Jeremy D. Morley
China has substantially amended its Law on the Protection of Minors. The new law, passed by the 13th National Peoples Congress in October 2020, will take effect on June 1, 2021.
The amended law contains a list of virtuous principles concerning the duties of parents and guardians, the requirement to protect children, and the role of state organs, residents’ committees, villagers’ committees, public security units, civil affairs offices and other “relevant departments” in supervising citizens’ behavior concerning children.
The newly-specified duties of parents include educating and guiding minors to abide by the law, to be diligent and thrifty, and to “develop good ideological, moral and behavioral habits.” The new requirements include provisions whereby “the state establishes a unified electronic identity authentication system for minors in online games;” as well as an obligation “to install minor network protection software on smart terminal products … for minors, etc.”
A measure that could have a significant impact on the parenting of children in China after parental separation is a provision that, “it is not allowed to compete for custody rights by snatching or hiding underage children.” Until now, a parent in China has generally been free to take a child away from the other parent, often to a distant location. Indeed, in my area of focus, which is that of international families, it is extremely common that, when a Chinese and non-Chinese couple living in China separate, the Chinese parent will exercise self-help by simply removing the child from the other parent, often by taking the child to live with a grandparent or by moving to an undisclosed location. Until now, this method has been all-too-successful. It remains to be seen whether this practice will now change as a result of the new law, or, even more unlikely, whether the new law will have any impact when a Chinese parent abducts a child to China from another country.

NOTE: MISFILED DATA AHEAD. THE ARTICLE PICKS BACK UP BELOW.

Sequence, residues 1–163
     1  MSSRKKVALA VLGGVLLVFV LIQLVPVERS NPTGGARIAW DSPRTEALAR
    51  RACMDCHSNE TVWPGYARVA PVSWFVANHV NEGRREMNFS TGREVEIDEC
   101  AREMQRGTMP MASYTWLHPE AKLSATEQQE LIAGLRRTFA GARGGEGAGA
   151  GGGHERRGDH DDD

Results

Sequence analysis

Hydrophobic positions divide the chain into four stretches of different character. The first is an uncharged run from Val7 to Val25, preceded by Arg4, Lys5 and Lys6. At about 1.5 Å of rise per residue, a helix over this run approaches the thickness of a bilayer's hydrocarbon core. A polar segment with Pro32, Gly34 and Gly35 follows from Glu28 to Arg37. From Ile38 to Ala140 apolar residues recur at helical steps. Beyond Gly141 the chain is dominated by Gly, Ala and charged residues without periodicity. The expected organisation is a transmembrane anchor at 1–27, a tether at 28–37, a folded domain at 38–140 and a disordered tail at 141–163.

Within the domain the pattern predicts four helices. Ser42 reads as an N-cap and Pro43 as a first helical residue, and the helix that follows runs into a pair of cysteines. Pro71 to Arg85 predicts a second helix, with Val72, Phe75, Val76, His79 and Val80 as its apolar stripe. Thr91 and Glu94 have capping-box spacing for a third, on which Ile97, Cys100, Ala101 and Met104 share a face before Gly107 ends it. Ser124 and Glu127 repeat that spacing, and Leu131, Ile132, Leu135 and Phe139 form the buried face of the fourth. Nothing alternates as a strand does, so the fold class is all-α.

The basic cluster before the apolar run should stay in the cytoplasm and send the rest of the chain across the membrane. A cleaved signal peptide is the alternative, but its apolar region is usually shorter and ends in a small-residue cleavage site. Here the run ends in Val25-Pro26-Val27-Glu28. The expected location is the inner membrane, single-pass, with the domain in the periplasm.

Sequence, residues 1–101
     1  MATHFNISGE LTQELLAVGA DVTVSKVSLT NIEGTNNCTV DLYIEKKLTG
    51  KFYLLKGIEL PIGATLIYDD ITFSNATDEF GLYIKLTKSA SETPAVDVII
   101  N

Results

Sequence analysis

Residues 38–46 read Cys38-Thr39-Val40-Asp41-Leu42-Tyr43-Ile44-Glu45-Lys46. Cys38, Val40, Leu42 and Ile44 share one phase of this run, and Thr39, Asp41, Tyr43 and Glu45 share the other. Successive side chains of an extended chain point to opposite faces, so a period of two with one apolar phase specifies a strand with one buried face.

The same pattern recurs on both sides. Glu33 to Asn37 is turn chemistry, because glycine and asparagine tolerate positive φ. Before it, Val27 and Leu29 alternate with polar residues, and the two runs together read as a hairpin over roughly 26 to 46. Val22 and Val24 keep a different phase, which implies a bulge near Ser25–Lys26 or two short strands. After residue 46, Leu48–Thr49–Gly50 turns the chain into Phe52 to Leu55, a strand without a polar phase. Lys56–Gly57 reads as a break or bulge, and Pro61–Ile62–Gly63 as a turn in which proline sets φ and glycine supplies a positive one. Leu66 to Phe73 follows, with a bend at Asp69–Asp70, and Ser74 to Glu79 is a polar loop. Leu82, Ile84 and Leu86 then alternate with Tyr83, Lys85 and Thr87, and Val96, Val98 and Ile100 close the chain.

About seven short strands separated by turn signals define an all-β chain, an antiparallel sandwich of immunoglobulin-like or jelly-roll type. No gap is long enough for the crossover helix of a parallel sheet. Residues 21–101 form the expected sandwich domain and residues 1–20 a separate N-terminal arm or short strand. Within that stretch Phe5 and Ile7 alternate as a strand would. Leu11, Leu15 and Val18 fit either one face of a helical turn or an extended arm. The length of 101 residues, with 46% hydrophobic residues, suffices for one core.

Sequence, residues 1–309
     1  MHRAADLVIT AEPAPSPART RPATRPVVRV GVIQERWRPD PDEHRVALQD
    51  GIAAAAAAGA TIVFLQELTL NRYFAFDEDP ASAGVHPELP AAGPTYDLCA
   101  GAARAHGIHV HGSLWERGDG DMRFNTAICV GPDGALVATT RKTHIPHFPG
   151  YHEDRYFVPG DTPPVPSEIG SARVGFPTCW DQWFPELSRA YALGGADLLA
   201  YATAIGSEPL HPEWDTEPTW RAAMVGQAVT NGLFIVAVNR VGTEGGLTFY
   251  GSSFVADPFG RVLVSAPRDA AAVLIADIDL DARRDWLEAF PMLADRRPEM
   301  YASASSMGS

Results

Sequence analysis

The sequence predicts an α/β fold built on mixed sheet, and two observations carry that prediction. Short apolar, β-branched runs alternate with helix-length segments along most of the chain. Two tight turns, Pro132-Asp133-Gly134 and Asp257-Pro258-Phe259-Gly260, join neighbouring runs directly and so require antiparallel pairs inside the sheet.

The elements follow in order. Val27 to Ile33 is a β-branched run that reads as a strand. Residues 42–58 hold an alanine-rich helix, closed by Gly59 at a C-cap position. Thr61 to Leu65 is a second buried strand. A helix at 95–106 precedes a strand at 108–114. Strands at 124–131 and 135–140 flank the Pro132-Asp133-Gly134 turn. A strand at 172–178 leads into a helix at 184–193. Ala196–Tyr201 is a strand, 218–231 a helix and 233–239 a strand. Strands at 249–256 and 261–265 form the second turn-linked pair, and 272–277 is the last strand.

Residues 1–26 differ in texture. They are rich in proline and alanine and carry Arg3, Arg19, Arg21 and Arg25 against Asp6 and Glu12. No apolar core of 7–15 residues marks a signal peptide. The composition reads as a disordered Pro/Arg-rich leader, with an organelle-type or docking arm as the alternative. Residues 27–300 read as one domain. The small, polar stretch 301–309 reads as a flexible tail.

A further significant development, effective February 18, 2021, is that courts are now required to interpret the law in compliance with the “Guiding Opinions on Deeply Promoting the Integration of Socialist Core Values into the Analysis and Reasoning of Adjudicative Instruments,” issued by the Supreme People’s Court of China. While this rule applies in all cases, it is especially required in cases “of public concern,” including matters as to which an important principle should be stated for the purpose of the education of the public.
The “Socialist Core Values” that must guide all court decisions comprise twelve qualities that should define the relationship between citizens and the Chinese state. These values are: prosperity, democracy, civility, harmony, freedom, equality, justice, the rule of law, patriotism, dedication, integrity and friendship. Their specific application must comport with the guidance of the People’s Court as it, in turn, interprets the guidance it receives from the People’s Congress. In this context, it is critical to note that the Chinese judiciary makes no claim to judicial independence. It acknowledges that it is strictly subordinate to the Chinese Communist Party.